>Seems like we spend our money trying to still raise our children

Maybe that is the key of your problem, how much of a difference would that money make to your retirement? Your children and grandchildren will eventually have to fend for themselves as you won’t be around forever. It sounds like you are giving to them at the expense of your retirement savings. Wouldn’t it be better for them to start taking care of their own finances sooner rather than later? Wouldn’t it also be better for them if you ease them into independence by decreasing the amount you give them over the next year instead of an abrupt adjustment when you are no longer able to help them out?  Talk to your kids and tell them about your fears for your future, I suspect they will be willing to pull more of their own weight after they are aware of your situation.

-Rick Francis

Is it Harder in America Today?

Friday, April 20th, 2012

A frequent commenter on FMF Old Limey wrote a the following comment on a reader profile of a young engineer PD where he commented how it seemed life is harder for a young engineer today then in was in the 60es.   There was one paragraph that really struck me:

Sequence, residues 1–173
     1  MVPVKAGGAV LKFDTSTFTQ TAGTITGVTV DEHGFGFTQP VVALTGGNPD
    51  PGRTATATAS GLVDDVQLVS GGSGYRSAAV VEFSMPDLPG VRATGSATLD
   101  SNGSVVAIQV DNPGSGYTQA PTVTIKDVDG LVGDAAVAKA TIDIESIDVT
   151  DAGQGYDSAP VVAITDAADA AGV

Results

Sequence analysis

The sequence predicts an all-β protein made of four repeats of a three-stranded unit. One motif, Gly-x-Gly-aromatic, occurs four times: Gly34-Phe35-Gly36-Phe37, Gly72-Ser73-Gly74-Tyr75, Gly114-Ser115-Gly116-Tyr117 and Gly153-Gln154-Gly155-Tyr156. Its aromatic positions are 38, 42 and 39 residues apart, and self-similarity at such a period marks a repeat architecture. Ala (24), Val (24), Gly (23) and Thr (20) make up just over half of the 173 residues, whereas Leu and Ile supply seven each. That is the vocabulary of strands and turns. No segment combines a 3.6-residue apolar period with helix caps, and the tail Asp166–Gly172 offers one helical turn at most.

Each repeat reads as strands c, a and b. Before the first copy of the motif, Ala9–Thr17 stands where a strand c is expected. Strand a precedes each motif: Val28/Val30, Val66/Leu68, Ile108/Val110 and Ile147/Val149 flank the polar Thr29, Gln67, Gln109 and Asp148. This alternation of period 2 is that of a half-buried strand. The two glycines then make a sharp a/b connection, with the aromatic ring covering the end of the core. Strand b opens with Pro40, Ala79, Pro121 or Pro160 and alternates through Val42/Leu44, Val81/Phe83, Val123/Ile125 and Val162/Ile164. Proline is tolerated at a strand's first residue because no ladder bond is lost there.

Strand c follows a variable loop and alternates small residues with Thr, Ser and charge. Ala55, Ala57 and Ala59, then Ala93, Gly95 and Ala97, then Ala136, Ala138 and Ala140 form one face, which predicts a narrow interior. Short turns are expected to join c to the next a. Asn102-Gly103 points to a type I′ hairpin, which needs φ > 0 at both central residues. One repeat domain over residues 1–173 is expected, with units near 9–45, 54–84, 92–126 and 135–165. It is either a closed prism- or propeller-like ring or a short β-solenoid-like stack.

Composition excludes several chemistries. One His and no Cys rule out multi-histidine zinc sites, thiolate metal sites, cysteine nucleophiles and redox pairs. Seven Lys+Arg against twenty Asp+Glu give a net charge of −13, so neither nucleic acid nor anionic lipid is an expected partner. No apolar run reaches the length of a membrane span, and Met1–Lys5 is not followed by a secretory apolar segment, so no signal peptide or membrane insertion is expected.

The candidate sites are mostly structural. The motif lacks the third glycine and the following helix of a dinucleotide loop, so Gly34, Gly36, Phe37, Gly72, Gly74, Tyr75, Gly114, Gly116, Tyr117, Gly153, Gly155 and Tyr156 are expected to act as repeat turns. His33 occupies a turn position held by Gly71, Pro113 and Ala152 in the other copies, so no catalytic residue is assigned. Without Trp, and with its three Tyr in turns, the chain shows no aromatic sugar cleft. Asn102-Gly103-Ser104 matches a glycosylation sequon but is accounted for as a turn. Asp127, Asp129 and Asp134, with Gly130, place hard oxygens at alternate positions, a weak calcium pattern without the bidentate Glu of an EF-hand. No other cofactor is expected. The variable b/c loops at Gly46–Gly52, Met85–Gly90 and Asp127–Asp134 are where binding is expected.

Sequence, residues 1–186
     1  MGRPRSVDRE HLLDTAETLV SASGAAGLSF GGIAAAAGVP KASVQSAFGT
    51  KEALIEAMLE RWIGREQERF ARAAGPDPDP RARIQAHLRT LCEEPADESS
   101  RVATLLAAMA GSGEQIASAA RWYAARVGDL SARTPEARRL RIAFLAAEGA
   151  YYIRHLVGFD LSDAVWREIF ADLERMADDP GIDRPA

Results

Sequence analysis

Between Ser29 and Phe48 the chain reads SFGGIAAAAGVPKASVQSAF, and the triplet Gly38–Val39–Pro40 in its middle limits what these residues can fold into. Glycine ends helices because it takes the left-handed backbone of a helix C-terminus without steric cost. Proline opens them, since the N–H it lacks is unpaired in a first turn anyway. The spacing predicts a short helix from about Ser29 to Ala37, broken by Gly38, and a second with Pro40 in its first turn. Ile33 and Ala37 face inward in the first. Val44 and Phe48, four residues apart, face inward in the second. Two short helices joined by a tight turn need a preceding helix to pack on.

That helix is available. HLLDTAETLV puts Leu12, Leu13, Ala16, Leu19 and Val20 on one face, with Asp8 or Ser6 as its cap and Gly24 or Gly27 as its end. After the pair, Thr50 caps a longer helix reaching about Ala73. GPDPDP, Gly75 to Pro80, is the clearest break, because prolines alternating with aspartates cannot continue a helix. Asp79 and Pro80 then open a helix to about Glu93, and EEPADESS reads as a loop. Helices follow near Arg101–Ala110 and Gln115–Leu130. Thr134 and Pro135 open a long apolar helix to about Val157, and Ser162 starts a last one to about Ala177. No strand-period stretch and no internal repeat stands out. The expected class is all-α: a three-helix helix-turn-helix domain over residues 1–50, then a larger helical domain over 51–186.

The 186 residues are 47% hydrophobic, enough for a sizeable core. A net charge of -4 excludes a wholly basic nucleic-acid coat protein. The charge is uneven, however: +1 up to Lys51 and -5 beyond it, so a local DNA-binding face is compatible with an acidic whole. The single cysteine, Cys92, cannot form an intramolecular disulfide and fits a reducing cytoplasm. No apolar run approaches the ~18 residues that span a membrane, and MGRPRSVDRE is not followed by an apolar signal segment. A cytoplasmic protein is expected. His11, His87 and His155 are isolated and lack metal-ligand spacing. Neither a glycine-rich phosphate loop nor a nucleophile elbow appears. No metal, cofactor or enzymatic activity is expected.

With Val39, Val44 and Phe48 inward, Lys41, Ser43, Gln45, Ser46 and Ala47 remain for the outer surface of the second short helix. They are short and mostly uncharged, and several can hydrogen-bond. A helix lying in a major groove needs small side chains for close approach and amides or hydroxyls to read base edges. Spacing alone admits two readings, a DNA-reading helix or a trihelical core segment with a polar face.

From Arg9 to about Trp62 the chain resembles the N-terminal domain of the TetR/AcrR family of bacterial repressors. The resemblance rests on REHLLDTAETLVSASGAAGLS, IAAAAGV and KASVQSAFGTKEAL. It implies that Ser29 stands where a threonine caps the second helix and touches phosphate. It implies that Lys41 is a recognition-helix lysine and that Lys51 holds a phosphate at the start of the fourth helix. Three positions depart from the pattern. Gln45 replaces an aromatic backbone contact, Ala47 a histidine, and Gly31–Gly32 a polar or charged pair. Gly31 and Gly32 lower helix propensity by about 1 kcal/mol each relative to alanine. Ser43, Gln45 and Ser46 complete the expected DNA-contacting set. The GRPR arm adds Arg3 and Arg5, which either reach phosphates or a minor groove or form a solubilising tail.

>It seems to me that my journey from being a young engineer, first to retirement, and now after 20 years of retirement has been a lot smoother and easier that comparable couples in current times.

>I thought that in America life kept getting better every year but lately that doesn’t seem to be holding true. What’s happened?

I think you are correct that the path isn’t as smooth today.  There are some concrete reasons- the cost of higher education has been growing at far beyond inflation for many years.  I found the following graph  that shows that the cost of college education grew at 2.5X the inflation rate.   I suspect PD would not have any student loans if his college costs were 50% lower.

Today he is competing with engineers from all over the world- both those that come to the US with a work visa and those companies may outsource to thus depressing his wages.   I haven’t been able to find statistics on engineering salries between the sixties and today but my impression is that it isn’t readically different once you account for inflation.

Additionally our expectations have risen- according to this NPR article  that “small” house PD is living in would have been considered normal size for a family with a few kids in the 60es as the average home size has more than doubled since the 1950s.

>I thought that in America life kept getting better every year but lately that doesn’t seem to be holding true. What’s happened?

I think things are getting better, but not for everyone.  If you own a company the relatively lower wages and increased more competition for jobs is a great benefit.  Companies don’t have to take the risk of provide a pension- they let the employee take the responsibility and risks with their 401K plan.    With the advances in technology companies don’t need as many employees to do the same amount of work and can be more profitable.   If these trends continue – it won’t make economic sense for people to be employees even for previously “good” jobs like engineers.